As the Starbucks menu or any given Target aisle would indicate, the fall season is once again upon us, which means beautiful foliage, cozy sweater weather, and all the pumpkin-spiced lattes you can handle. It also marks the time of year for Halloween movies to make a comeback in popularity. (Though, if you’re the type of household that opts to watch spooky flicks all year round, respect.) And while I’m typically the first to break out all the usual suspects of family-friendly Halloween content, there’s one Halloween movie I’d prefer to keep out of the rotation this year. Though it was one of my all-time favorites to see as a kid, a recent viewing proved that watching Casper feels different now that I’m a mother.
Now, let me start by admitting that 90% of Casper is downright hilarious and perfectly entertaining for kids and adults alike. Who wouldn’t enjoy some PG-rated ghostly hijinks starring the likes of Christina Ricci and Bill Pullman as the heartwarming father-daughter duo? (And Devon Sawa as Human Casper? Oh, how I had swooned!)
Yes, as a kid, I couldn’t get enough of this film, and I’m sure that one day my son will come to love it as well — if he ever gets out of this Blippi and Daniel Tiger phase we’re currently stuck in. But while the movie isn’t scary in the traditional sense, one scene left me gripped in fear the last time I watched it.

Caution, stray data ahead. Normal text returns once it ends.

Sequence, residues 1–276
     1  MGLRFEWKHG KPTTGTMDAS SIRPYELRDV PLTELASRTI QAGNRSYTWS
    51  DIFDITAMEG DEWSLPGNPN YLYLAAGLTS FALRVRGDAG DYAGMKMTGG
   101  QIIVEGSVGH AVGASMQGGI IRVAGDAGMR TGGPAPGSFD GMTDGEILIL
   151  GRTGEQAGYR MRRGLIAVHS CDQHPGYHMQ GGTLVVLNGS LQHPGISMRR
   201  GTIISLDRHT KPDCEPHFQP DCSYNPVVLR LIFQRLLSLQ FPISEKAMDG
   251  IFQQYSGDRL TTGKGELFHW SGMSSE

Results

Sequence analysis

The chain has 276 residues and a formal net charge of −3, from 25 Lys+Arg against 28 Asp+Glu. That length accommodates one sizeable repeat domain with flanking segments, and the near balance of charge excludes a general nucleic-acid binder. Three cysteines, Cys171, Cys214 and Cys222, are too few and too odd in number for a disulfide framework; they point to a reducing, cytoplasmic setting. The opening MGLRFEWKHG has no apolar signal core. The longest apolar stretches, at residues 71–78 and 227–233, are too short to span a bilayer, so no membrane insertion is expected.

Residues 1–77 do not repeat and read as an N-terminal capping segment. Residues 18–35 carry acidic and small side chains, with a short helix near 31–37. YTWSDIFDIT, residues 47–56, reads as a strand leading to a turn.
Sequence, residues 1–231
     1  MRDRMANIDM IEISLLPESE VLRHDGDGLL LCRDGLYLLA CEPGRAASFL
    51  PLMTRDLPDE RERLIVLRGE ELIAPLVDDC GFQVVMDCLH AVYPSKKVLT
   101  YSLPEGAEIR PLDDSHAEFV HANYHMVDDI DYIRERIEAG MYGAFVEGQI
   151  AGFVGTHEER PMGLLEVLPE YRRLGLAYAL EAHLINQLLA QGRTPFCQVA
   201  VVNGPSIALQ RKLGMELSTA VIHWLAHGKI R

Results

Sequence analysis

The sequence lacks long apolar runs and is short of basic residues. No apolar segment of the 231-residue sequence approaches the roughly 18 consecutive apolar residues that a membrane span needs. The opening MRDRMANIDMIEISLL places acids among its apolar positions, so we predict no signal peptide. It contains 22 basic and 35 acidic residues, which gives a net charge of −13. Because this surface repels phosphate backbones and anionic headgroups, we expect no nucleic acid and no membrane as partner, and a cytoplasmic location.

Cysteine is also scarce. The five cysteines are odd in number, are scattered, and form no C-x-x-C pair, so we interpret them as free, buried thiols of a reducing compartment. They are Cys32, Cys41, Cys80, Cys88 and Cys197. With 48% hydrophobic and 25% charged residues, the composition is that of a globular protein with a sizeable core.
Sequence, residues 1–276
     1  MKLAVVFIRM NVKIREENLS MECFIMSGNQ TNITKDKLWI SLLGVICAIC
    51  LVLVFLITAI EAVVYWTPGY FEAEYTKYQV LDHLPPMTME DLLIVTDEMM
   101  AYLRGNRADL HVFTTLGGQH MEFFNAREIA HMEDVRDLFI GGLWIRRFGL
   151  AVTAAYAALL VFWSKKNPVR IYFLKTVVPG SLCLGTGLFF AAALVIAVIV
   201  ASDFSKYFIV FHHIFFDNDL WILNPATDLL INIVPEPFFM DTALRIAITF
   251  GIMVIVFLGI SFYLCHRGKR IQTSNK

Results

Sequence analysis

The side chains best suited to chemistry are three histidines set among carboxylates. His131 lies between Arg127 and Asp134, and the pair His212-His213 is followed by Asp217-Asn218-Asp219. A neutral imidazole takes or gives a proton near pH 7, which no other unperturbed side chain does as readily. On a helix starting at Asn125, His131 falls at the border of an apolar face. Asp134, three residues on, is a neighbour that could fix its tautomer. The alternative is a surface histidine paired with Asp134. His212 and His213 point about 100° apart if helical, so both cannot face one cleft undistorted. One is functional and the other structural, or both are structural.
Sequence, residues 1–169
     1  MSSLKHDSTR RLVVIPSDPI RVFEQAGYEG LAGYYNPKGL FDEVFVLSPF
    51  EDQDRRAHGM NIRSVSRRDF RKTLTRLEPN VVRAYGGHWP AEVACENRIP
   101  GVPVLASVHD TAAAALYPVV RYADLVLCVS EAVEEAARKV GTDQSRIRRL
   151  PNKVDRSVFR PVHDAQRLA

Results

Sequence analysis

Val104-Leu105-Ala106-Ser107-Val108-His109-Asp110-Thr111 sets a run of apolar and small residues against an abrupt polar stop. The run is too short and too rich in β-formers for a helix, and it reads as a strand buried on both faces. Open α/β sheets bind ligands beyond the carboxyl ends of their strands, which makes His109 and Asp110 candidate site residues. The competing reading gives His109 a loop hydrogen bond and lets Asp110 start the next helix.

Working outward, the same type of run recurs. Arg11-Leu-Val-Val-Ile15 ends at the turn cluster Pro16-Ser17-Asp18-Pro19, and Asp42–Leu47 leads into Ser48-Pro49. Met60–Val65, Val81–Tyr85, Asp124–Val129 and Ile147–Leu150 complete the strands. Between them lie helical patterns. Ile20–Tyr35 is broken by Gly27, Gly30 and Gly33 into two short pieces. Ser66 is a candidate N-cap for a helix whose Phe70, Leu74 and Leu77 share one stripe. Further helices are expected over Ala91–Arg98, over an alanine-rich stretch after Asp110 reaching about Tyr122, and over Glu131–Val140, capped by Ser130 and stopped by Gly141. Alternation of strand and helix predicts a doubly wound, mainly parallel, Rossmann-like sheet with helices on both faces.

This Hits Different
I’m referring, of course, to what is ultimately the saddest part of the story: Casper recounting how he died — a subject that had never been broached before. Finding his old sled up in the attic triggers a memory in Casper about the day he got it, which he poignantly shares with Kat.
“One morning, I came down for breakfast, and there it was, just for me, for no reason at all,” Casper recalls. “I took it out, went sledding all day. And my dad said, ‘That’s enough.’ But I couldn’t stop; I was having so much fun. It got late, got dark, got cold… and I got sick. My dad got sad.” He then revealed the unfinished business that made him become a ghost instead of moving on: “I didn’t go where I was supposed to go. I just stayed behind so my dad wouldn’t be lonely.”
*CRIES IN MOM*
Growing up, I always thought this scene was sad, sure. But now I can’t watch it without my eyes instantly filling up with tears. It makes me think of my own son and how devastated I would be if something happened to him. I think about the heartbreak Casper’s father must’ve gone through to lose his child, who was so young and had so much life still to live. I also think about Casper and how difficult it must’ve been for him to grapple with what had happened and see his dad so sad as a result — enough to make him not move on because he selflessly didn’t want to leave his dad alone.
The thought of a child having to make that kind of decision and go through that kind of pain, loss, and loneliness, yet still manage to be so kind to others? My mom instincts go into overdrive, and I just want to give that fictional form of ectoplasm a giant mama bear hug.
Look, I know I won’t be able to avoid watching this Halloween classic in the years to come, and honestly, part of me doesn’t want to. It’s a great film. From now on, though, I’ll need to emotionally prepare myself before a viewing — and make sure we’re stocked up on tissues.